Tag Archives: squatspace

An unReal Estate Guide to Finding Your Own Gallery

photofile header

Here’s an article that was published back in 2004 in Photofile Magazine, issue 70. The issue is out of print, but you can download the pdf of the abridged article as it was published complete with images here [1mb].

Alternatively, the original, unabridged version of the article is here, without images.

The article describes some goings on in the world of art and real estate in the early 2000s: Sydney’s Broadway Squats, SHAC (Sydney Housing Action Collective), unReal Estate, Perth’s Hotel 6151, the Empty Show, and Public Liability, linking these recent activities to the 1970s work of Gordon Matta Clark.

Many of the links in the original article have since gone dead. I reproduce the text below as it was written in 2004, complete with broken links. You may have some luck finding the old websites on the wayback machine.

Interestingly, unReal Estate, the SquatSpace project described in the article below, has, I believe, some resemblance to the more recent project by Marcus Westbury called Renew Newcastle. Marcus was the director of the This Is Not Art festival in Newcastle in 2002 when SquatSpace launched the controversial unReal Estate (see a news article about it here).
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Participation, Experience, Public Art, Radio

…what I’ve been up to lately…

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Together with Eve Vincent, presenting at this conference at COFA:


our abstract:

Participation and Experience: Redfern Waterloo Tour of Beauty

The desire for an active spectator-participant was a key goal of avant-garde art during the twentieth century. Rhetoric surrounding such art practice often connected “aesthetic interactivity” with the ideal of a wider participatory democracy. During the 1960s, in an attempt to overcome the separation between “art and life” which characterised the museum-based practice of much modernist art, artists like Allan Kaprow developed “Happenings” which occurred in the everyday places and rhythms of city life. Utilising the tools bequeathed by Kaprow’s Happenings, artist group SquatSpace now runs the Redfern Waterloo Tour of Beauty — wherein the “work of art” is to facilitate discussion about neighborhood life and community organising in inner-urbanSydney. This paper moves through the perennial question “but is it art?” in order to examine the Tour of Beauty as a case study of “Art as Experience” (John Dewey). This co-presentation engages two perspectives — SquatSpace collective member Lucas Ihlein talks about the making of “the tour as art”, and Eve Vincent speaks from the perspective of a participant-audience member.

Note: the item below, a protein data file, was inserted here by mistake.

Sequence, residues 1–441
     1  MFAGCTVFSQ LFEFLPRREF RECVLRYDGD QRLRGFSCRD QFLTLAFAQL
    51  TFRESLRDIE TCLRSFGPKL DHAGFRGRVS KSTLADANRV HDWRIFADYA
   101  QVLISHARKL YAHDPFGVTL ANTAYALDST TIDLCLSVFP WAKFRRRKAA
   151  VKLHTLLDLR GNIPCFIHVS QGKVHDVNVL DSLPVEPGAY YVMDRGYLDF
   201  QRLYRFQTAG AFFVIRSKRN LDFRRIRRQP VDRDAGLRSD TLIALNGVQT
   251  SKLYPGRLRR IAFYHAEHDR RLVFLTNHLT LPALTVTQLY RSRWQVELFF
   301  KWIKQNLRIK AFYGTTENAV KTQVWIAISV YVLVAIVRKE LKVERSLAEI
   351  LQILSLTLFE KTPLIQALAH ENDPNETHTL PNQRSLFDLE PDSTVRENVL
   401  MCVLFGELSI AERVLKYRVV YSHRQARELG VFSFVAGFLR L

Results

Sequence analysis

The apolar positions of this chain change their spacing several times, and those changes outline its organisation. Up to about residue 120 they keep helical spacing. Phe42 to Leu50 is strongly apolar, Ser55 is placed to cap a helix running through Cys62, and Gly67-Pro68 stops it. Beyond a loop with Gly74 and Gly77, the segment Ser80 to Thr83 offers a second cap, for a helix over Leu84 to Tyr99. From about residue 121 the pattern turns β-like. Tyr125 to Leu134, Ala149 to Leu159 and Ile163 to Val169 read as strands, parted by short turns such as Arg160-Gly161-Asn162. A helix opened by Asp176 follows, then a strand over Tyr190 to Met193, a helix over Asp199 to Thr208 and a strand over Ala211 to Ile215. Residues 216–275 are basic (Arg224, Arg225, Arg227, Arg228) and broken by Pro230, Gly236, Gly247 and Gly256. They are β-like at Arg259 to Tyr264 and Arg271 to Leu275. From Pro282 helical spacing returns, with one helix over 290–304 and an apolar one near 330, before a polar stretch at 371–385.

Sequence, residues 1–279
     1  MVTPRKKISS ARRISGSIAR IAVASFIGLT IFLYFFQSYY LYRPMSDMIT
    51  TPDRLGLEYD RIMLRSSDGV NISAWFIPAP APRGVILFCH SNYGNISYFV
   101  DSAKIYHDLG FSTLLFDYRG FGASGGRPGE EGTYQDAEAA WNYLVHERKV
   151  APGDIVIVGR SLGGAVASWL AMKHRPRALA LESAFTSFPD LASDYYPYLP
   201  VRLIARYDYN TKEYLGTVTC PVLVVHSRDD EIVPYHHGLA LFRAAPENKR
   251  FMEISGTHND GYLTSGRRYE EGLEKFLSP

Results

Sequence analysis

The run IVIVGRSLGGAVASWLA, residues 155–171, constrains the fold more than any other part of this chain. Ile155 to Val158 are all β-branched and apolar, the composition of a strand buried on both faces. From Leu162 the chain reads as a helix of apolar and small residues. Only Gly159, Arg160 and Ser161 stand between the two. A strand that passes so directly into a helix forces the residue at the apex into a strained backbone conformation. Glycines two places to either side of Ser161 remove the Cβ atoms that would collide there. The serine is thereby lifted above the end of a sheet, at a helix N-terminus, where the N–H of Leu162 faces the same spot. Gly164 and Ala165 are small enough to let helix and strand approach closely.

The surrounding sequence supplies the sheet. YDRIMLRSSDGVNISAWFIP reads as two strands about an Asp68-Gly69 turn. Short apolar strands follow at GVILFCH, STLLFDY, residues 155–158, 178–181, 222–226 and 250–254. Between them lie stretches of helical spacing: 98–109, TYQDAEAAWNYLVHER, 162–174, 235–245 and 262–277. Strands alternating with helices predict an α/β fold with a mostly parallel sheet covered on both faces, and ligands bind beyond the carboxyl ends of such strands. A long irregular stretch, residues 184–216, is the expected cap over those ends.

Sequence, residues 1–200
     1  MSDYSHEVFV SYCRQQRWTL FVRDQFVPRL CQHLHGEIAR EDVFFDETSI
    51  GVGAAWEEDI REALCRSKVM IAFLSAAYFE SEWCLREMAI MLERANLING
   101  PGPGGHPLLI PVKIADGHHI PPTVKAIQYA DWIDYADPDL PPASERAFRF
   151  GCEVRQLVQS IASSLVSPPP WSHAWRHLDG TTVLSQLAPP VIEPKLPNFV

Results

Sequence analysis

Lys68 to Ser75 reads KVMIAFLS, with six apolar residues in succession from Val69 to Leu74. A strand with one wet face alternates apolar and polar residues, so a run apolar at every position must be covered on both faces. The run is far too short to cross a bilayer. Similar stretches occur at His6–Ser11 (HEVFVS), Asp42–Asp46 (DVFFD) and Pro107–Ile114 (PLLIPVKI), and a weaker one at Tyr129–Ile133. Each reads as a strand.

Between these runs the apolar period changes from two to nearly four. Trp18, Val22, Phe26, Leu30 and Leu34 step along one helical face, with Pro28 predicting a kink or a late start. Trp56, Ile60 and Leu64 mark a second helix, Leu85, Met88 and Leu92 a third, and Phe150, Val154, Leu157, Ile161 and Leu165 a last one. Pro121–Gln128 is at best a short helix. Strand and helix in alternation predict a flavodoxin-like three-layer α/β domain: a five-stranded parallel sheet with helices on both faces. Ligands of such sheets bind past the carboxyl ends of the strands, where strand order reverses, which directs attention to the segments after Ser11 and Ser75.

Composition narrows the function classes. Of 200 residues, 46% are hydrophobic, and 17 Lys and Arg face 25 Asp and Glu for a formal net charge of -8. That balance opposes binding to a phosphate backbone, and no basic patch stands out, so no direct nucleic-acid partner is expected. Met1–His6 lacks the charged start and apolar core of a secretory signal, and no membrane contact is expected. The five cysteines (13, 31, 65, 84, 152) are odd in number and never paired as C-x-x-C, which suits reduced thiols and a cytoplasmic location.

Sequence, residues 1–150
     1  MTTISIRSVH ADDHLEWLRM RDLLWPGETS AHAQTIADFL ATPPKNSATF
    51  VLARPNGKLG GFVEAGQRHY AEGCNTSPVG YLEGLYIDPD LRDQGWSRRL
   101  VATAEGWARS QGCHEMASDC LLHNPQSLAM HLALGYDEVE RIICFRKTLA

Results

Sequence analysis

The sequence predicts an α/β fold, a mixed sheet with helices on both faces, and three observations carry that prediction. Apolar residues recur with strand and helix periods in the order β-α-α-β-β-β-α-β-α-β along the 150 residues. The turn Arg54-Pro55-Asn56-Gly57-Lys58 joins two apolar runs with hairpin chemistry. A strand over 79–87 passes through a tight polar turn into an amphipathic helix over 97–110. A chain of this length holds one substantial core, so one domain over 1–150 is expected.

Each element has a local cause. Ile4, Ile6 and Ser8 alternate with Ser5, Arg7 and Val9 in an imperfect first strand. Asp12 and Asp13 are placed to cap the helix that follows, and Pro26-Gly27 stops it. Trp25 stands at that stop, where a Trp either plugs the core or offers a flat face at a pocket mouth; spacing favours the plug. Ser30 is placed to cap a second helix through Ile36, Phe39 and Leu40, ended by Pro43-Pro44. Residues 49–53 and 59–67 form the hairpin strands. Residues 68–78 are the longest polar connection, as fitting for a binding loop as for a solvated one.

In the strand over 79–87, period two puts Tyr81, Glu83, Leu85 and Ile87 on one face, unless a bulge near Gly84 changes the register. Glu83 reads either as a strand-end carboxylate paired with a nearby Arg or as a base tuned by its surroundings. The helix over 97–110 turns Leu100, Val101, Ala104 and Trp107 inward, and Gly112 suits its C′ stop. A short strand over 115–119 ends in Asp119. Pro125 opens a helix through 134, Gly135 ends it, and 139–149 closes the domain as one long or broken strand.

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wot i bin up to

have not posted for a while here…

i’ve started a web design course at tafe, so conceivably bilateral will be moving to a better coded, diy home soon.

have also been working towards a comprehensive squatspace website.

also: will post up some writing soon that was published in latest spinach7 mag – about a super project called splint. check out splint’s beautiful website.

in the meantime: watch unco artist andrew harper (witch from tassie) – he has a film up at www.hobartunderground.com – it’s his celluloid curse against the current government.

also: if in Melbourne, go visit Spread of the Empire – by unco artist Forest Keegel at the Melbourne City Square corner of Collins and Swanston Streets. The work will be on display from midday Friday October 8th until 2pm Sunday October 10th
more info is at the Melbourne environmental art website http://ausmag.de/xxx/enviro/
(the website is made with frames (ugg) so you have to click to “programme” and “melbourne city square” and “page 2” to see info about this great project.)
From the press release: “Spread of the Empire refers to the colonisation of Melbourne. White flour was part of the currency used to supposedly purchase the land Melbourne stands on, and will be used to symbolise the white settlement and City grid being stamped onto the land.

ps – get your entries in for the NUCA unco grants due at end Oct – see the blog entry from August 2 2004 for details!!


The following is a review of a show that Tim Hilton produced for BlauGrau Gallery (inner Sydney) in 2001. At the time that the review was written, Tim emailed it to me. I am not sure if it has been published elsewhere, and hope that it's ok I post it here. If not, please get in touch! Cheers, Lucas.